Stratolaunch Backer Says It Remains Committed to Transforming Space Launch

Paul Allen and Burt Rutan
Microsoft co-founder Paul Allen, right, confers with airplane designer Burt Rutan during the 2011 unveiling of the Stratolaunch concept. (Image credit: SpaceNews)

WASHINGTON — Paul Allen's Vulcan Aerospace is taking issue with reports that its Stratolaunch project is in jeopardy because of a market shift towards smaller satellites that don't require the massive mothership the company is building for an air-launched rocket.

A Nov. 17 Wall Street Journal story quotes Vulcan Aerospace President Chuck Beames saying Stratolaunch hasn't been shelved, but that the company is reassessing the project to determine "what's the best way forward." The story, citing unnamed aerospace industry officials, concludes that the market's shift toward smaller satellites "threaten [the project's] overall viability."

In a statement emailed to SpaceNews — which included a summary of the Journal's article in its daily briefing  Vulcan Aerospace said it  has not given up on low-cost, responsive launch:

Vulcan Aerospace remains steadfast in its mission to transform space transportation to low-Earth orbit by dramatically changing the current model of space launch. It is unfortunate that the recent, inaccurate, report by the Wall Street Journal implies, via unnamed sources, that this mission has wavered and is based on nothing more than rumors and speculation, not facts.

Today, space launch continues to be hampered by long delays and high costs, especially for the burgeoning class of space entrepreneurs.  To best serve the variety of space operators with more convenient and less expensive options, we envision affording the satellite operator multiple launch vehicle options with varying payload capabilities. An effort of this scope and ambition is a massive undertaking and takes time to develop. We are unwavering in our commitment to its success and expect to achieve additional milestones in 2016, as we continue to advance against our original timeline of being fully in service by the end of the decade.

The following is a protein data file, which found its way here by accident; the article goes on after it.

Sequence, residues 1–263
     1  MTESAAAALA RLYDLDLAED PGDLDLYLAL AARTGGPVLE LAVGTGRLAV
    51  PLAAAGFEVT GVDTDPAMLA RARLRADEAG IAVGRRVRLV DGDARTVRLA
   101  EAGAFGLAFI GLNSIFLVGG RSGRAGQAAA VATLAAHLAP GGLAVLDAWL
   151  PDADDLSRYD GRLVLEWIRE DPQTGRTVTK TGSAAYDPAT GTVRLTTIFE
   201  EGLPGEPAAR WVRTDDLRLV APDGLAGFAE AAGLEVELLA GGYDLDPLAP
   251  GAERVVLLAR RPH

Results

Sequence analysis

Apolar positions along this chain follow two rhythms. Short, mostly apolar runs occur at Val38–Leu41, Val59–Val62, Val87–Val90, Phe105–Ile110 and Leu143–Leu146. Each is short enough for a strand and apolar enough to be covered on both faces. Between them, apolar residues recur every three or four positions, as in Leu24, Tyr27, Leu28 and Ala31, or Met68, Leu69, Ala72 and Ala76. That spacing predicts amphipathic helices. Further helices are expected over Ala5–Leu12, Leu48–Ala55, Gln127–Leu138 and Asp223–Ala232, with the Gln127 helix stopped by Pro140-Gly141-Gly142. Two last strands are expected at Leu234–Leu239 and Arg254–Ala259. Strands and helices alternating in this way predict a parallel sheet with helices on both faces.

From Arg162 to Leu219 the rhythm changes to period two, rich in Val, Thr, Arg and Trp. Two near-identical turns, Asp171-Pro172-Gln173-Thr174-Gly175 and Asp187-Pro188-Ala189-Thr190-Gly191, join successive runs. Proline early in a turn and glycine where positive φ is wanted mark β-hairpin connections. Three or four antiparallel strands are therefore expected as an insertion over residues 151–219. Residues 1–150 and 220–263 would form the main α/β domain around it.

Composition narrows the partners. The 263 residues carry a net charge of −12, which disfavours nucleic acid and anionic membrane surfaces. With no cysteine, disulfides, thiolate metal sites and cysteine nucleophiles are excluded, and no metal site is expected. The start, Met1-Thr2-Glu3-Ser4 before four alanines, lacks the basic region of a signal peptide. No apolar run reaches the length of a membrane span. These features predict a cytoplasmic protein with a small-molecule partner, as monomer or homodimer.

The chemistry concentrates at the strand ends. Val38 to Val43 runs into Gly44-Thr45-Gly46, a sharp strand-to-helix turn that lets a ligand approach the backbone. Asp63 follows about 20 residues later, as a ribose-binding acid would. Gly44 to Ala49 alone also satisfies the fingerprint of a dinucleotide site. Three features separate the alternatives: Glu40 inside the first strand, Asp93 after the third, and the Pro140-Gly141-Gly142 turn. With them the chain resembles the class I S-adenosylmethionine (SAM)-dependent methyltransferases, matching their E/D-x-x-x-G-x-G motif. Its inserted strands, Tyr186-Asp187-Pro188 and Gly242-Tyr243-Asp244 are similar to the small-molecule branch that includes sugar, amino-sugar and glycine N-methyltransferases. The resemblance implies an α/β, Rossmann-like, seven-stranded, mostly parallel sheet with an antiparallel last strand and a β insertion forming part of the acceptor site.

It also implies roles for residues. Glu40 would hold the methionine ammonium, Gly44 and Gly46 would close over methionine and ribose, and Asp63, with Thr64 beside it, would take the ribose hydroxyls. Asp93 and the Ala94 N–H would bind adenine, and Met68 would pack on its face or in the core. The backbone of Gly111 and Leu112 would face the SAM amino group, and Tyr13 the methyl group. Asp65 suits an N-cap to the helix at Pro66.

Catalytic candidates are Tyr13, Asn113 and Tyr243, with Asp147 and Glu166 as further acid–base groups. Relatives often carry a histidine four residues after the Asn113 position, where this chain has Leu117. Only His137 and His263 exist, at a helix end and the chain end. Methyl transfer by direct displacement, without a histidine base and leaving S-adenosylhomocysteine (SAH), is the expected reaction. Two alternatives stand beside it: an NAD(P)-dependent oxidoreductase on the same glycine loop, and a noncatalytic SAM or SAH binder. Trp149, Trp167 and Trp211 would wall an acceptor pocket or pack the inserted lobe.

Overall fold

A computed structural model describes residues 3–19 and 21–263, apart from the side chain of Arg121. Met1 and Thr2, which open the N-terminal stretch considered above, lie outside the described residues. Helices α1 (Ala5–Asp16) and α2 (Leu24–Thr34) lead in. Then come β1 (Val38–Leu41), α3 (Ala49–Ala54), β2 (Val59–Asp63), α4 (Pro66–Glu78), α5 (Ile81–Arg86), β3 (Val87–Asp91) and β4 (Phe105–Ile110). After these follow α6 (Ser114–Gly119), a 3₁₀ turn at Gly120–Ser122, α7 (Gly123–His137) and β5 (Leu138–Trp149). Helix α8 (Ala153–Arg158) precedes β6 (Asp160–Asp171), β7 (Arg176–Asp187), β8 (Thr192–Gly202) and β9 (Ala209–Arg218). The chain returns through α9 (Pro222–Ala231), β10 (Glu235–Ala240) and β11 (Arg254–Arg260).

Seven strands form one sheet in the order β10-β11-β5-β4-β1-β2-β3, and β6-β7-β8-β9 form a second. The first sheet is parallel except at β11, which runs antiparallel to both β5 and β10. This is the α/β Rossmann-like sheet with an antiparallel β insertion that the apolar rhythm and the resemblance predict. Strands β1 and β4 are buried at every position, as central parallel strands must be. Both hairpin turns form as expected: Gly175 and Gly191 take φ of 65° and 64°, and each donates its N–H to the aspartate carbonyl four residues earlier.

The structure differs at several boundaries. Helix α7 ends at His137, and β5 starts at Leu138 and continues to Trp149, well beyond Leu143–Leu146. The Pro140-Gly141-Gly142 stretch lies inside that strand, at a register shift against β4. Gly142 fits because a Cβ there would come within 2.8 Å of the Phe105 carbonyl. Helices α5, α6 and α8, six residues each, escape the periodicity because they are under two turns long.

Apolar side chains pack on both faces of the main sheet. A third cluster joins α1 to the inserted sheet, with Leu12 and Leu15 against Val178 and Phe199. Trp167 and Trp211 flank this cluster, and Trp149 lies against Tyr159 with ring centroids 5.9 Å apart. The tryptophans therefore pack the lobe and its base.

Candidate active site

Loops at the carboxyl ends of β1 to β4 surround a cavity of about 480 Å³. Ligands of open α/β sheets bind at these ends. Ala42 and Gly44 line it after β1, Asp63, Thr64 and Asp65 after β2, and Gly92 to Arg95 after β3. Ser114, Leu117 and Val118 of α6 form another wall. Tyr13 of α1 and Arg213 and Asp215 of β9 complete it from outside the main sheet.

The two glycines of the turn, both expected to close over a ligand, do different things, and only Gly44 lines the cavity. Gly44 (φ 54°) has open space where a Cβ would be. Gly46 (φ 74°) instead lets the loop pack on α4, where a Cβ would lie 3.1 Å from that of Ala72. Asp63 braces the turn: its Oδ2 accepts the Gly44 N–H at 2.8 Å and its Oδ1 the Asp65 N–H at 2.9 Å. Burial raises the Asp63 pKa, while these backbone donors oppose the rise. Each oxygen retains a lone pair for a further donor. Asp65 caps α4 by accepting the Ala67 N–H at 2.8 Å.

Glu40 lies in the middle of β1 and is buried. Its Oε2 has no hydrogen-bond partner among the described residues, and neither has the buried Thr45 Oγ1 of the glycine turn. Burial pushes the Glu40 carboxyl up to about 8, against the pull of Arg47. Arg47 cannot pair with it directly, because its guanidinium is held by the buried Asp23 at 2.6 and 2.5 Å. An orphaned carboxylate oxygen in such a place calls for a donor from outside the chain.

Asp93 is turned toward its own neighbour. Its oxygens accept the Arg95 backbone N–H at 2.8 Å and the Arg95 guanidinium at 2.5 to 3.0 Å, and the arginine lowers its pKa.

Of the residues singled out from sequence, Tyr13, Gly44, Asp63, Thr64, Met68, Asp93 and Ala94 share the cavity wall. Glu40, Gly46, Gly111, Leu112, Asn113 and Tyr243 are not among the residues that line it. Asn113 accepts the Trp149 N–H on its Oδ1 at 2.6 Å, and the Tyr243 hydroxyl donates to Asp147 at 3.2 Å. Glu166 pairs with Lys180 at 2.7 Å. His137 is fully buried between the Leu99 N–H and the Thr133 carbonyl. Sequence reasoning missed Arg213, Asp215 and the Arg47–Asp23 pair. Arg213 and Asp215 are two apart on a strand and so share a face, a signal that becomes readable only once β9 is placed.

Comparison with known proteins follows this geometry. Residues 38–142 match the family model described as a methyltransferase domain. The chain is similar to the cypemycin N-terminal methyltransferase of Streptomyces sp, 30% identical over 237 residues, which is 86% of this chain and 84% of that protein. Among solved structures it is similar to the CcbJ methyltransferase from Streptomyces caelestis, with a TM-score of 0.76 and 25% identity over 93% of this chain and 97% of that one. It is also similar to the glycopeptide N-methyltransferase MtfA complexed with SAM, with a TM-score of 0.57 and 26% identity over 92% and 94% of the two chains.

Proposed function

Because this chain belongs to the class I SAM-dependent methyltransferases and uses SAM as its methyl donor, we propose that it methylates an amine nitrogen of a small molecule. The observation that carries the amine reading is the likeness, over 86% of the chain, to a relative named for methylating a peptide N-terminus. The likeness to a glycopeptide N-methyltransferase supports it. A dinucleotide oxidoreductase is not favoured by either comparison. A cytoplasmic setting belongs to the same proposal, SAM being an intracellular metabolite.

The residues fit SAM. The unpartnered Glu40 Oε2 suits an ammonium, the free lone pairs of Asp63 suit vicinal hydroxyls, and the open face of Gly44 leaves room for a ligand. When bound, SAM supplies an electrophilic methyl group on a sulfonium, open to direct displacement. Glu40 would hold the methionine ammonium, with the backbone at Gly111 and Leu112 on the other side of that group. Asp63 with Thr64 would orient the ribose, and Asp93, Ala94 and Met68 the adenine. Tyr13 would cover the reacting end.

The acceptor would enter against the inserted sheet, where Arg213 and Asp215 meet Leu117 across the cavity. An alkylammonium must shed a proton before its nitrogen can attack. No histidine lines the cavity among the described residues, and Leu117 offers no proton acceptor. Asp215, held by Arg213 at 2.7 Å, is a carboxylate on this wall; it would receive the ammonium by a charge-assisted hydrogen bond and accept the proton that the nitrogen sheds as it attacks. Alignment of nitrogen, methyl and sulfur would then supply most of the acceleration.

This story was provided by SpaceNews, dedicated to covering all aspects of the space industry.

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Editor-in-Chief, SpaceNews

Brian Berger is the Editor-in-Chief of SpaceNews, a bi-weekly space industry news magazine, and He joined SpaceNews covering NASA in 1998 and was named Senior Staff Writer in 2004 before becoming Deputy Editor in 2008. Brian's reporting on NASA's 2003 Columbia space shuttle accident and received the Communications Award from the National Space Club Huntsville Chapter in 2019. Brian received a bachelor's degree in magazine production and editing from Ohio University's E.W. Scripps School of Journalism.